Discover More

Save Time and Supercharge Excel! Automate virtually any routine task and save yourself hours, days, maybe even weeks. Then, learn how to make Excel do things you thought were simply impossible! Mastering advanced Excel macros has never been easier. Check out Excel 2010 VBA and Macros today!

More ExcelTips (ribbon)

Saving a Workbook in a Macro

Does your macro need to make sure that the workbook being processed is saved to disk? You can add the saving capability by ...

Discover More

Opening Multiple Workbooks at Once

Need to open a bunch of workbooks from within Excel? It's easy to do when you construct a selection set in the Open dialog ...

Discover More

Creating a Workbook Clone

If you are afraid of messing up a workbook, consider doing your work on a clone of the workbook. Excel provides an easy way ...

Discover More
Subscribe

FREE SERVICE: Get tips like this every week in ExcelTips, a free productivity newsletter. Enter your address and click "Subscribe."

View most recent newsletter.

Comments

If you would like to add an image to your comment (not an avatar, but an image to help in making the point of your comment), include the characters [{fig}] in your comment text. You’ll be prompted to upload your image when you submit the comment. Maximum image size is 8Mpixels. Images larger than 600px wide or 1000px tall will be reduced. Up to three images may be included in a comment. All images are subject to review. Commenting privileges may be curtailed if inappropriate images are posted.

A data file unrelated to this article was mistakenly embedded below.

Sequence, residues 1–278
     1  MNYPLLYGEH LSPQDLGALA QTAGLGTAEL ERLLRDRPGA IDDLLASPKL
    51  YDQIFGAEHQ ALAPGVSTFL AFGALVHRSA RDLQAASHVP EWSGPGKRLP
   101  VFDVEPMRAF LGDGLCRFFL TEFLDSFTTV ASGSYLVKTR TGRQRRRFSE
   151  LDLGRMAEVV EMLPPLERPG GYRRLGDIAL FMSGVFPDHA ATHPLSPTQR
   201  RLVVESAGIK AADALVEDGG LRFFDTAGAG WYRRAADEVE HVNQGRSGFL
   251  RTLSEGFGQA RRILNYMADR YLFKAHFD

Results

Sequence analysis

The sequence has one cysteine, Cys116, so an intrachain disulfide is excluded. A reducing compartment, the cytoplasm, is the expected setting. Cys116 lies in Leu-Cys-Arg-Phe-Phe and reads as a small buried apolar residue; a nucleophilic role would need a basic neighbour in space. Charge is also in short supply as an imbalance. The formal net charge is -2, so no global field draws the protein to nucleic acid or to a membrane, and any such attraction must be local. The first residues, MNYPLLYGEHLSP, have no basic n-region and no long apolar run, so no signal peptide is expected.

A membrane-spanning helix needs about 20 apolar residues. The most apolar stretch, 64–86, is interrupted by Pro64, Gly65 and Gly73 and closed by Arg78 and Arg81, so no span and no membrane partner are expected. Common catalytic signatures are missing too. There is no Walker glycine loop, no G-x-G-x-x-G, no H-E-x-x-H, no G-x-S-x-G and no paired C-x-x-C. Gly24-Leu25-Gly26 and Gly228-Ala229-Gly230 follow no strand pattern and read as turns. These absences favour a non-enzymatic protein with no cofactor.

What is 7 - 0?

2017-07-20 10:27:18

David Fox

One thing to look out for is assigned "variables" that might share the same name on each worksheet. Suppose cell A1 was given the name "Frequency" on the first worksheet, and all other worksheets to be added contained the same name. I've had to manually rename variables for each worksheet.


2013-05-28 13:01:07

Scott Renz

You could put:
Application.DisplayAlerts = False
at the beginning and put:
Application.DisplayAlerts = True
at the end and it won't display those warning messages.


2013-05-28 05:18:31

Richard

or of course you could use the brilliant DATAEXPLORER, a few bugs but even buggy for simply merging it's a joy. Only for 2010 +


2013-05-26 23:21:36

Lee, Jones

This marcho is great. However I meet a problem, there are lots of defined names within those excel files I want to merge. The consquence is that I have to press OK hundreds times to tell excel keeping use those definitions in order to complete the mergeing. Is there a way can solve this issue? Thanks a lot.


This Site

Got a version of Excel that uses the ribbon interface (Excel 2007 or later)? This site is for you! If you use an earlier version of Excel, visit our ExcelTips site focusing on the menu interface.

Newest Tips
Subscribe

FREE SERVICE: Get tips like this every week in ExcelTips, a free productivity newsletter. Enter your address and click "Subscribe."

(Your e-mail address is not shared with anyone, ever.)

View the most recent newsletter.